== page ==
The shady courtyards, tiled roofs, and white stucco walls of 1920s Palm Beach owed something to the style of the Spanish Renaissance and everything to the vision of Addison Mizner

As the evangelist of the Spanish Colonial Revival in southern Florida, Addison Mizner was an architect of fantasy as well as of houses. Read more >>

When Pierre S. du Pont bought the deteriorated Longwood Gardens in 1906, he thought that owning property was a sign of mental derangement. Still, he worked hard to create a stupendous fantasy garden, a place, he said, “where I can entertain my friends.”

As I walked down a side path at Longwood Gardens in Kennett Square, Pennsylvania, on a bright, sunny day in June, two quite distinct sights converged just in front of me. Read more >>

The medieval look that swept America a hundred and fifty years ago wasn’t just a matter of nostalgia for pointed archways and crenellated towers; it was also the very model of a modern architectural style

It wasn’t enough for Woolworth that his monument be grand and useful and beautiful—he wanted it to be profitable too.

Ever since technology began to permit it, men of power have sought immortality in stone. Knowing that their deeds, however important, were ephemeral in the nature of things, they hoped that their tombs and statues and palaces might remind the world of their greatness. Read more >>

An architecture for a new nation found its inspiration in ancient Rome

The pilasters and pediments of an architecture perfectly suited to our eighteenth-century aristocracy flourish in today’s skyline and suburb

The great buildings of the 1920s are standing all over Manhattan, preserving in masonry the swank and swagger of an exuberant era.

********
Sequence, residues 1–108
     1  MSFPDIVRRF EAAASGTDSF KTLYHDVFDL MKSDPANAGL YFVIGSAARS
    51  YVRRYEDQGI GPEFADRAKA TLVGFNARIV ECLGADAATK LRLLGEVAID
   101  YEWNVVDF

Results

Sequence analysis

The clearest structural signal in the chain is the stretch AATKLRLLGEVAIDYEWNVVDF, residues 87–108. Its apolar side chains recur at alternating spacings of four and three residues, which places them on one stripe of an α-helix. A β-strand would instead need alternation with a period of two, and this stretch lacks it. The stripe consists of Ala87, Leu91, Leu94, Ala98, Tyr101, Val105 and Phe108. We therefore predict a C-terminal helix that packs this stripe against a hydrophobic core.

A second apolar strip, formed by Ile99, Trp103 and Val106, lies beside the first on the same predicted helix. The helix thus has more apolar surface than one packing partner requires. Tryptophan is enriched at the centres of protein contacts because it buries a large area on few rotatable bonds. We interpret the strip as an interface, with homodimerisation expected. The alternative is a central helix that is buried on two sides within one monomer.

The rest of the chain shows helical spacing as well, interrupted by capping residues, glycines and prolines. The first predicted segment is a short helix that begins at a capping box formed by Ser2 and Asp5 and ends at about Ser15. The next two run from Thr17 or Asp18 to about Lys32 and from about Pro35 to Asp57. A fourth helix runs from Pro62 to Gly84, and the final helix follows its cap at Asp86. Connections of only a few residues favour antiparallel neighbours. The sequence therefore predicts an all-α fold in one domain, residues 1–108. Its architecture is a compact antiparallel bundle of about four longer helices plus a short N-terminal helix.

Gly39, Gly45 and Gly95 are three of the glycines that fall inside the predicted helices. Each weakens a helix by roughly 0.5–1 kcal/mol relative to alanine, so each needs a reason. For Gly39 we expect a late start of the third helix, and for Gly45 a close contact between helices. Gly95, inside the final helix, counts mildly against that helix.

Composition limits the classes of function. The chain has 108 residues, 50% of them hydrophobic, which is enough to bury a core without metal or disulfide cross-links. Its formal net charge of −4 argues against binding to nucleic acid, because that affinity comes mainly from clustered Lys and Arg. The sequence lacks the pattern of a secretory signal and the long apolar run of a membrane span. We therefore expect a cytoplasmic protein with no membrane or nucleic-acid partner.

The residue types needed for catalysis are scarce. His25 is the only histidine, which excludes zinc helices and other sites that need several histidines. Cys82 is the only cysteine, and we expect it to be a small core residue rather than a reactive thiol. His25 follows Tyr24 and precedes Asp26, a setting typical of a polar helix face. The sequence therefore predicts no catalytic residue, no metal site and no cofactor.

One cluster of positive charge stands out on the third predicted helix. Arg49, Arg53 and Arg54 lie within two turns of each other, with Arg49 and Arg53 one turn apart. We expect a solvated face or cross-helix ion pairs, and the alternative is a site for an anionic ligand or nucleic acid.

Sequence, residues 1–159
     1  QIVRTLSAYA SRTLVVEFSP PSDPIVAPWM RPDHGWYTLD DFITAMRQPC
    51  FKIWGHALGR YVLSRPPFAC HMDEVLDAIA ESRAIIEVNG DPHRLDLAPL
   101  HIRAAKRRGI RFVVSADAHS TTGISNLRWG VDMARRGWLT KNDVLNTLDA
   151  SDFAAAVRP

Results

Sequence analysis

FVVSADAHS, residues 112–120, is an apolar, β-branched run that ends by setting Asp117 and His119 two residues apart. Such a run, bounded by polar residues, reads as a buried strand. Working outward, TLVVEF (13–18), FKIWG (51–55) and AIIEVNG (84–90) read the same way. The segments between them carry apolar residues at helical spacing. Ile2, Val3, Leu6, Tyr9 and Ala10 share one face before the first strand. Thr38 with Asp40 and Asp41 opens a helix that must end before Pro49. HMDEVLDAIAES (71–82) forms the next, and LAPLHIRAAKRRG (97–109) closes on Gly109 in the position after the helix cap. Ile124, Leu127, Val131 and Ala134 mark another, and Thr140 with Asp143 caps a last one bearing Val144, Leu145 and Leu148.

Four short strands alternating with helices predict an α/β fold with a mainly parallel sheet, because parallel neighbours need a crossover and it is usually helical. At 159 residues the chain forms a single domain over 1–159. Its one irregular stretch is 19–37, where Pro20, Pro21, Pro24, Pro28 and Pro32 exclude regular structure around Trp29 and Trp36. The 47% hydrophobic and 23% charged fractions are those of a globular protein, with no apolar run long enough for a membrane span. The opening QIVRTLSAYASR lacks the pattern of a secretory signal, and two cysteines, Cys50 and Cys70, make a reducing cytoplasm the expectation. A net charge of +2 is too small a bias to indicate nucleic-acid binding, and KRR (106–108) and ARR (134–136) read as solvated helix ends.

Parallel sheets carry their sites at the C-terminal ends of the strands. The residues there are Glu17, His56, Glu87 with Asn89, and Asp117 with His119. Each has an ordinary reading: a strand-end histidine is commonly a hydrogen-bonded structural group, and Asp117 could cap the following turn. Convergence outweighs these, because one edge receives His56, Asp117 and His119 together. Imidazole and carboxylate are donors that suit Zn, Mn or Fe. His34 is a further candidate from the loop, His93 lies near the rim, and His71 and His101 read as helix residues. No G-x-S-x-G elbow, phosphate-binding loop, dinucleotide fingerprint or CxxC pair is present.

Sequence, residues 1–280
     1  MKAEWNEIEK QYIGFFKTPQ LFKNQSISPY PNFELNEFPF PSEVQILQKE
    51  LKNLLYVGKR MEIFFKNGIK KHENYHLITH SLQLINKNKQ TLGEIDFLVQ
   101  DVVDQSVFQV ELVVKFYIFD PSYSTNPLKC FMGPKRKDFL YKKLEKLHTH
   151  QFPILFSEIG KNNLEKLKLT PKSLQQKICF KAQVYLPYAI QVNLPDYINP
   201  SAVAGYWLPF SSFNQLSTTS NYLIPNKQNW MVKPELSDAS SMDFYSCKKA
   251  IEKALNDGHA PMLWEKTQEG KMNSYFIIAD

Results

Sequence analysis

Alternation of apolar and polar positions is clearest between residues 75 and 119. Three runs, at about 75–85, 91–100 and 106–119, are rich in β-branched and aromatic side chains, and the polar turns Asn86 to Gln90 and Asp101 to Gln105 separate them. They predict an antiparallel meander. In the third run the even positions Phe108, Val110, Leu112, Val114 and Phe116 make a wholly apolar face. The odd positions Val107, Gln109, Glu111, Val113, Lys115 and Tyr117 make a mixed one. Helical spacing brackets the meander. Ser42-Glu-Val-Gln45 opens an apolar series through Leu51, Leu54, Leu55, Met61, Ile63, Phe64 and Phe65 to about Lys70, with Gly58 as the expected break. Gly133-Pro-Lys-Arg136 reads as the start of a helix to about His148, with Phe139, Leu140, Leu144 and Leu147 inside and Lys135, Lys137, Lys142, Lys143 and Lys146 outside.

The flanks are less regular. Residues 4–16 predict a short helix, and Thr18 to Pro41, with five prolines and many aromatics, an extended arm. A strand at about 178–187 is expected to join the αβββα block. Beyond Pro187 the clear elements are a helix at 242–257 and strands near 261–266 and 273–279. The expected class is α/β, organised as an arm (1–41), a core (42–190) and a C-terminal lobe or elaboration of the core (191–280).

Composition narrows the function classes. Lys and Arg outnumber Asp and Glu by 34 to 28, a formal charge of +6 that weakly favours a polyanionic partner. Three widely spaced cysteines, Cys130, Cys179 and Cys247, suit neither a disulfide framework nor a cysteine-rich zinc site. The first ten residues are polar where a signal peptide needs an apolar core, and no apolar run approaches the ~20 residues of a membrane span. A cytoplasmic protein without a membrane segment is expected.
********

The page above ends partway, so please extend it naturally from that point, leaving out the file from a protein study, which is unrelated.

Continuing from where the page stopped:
New York rebuilt itself in the twenties. The most anarchic, self-regarding, self-proclaiming city of them all achieved its new self by an astounding vertical leap that thrilled, disordered, delighted, and terrified the critics who tried to take its measure. Read more >>

Living in, and with, the universal Midwestern latticework

Likely as not, when René Descartes invented his grid system of coordinates in the seventeenth century, he did not have Carroll, Iowa, in mind. No matter. Read more >>

Every town you pass through has felt the impact of the modern historic-preservation movement. Now a founder of that movement discusses what is real and what is fake in preservation efforts.

Twenty years ago nobody thought much about saving old buildings. The phrase urban renewal had an optimistic, forward-looking sound to it, and entire urban centers were razed with little thought of what might be lost in the process. Read more >>

A biographer who knows it well tours Franklin Roosevelt’s home on the Hudson and finds it was not so much the President’s castle as it was his formidable mother’s.

For better than four years now I have been writing about Franklin Roosevelt’s youth, seeking the sources of the serene selfassurance that served him and his country so well during the two worst crises since the Civil War. Read more >>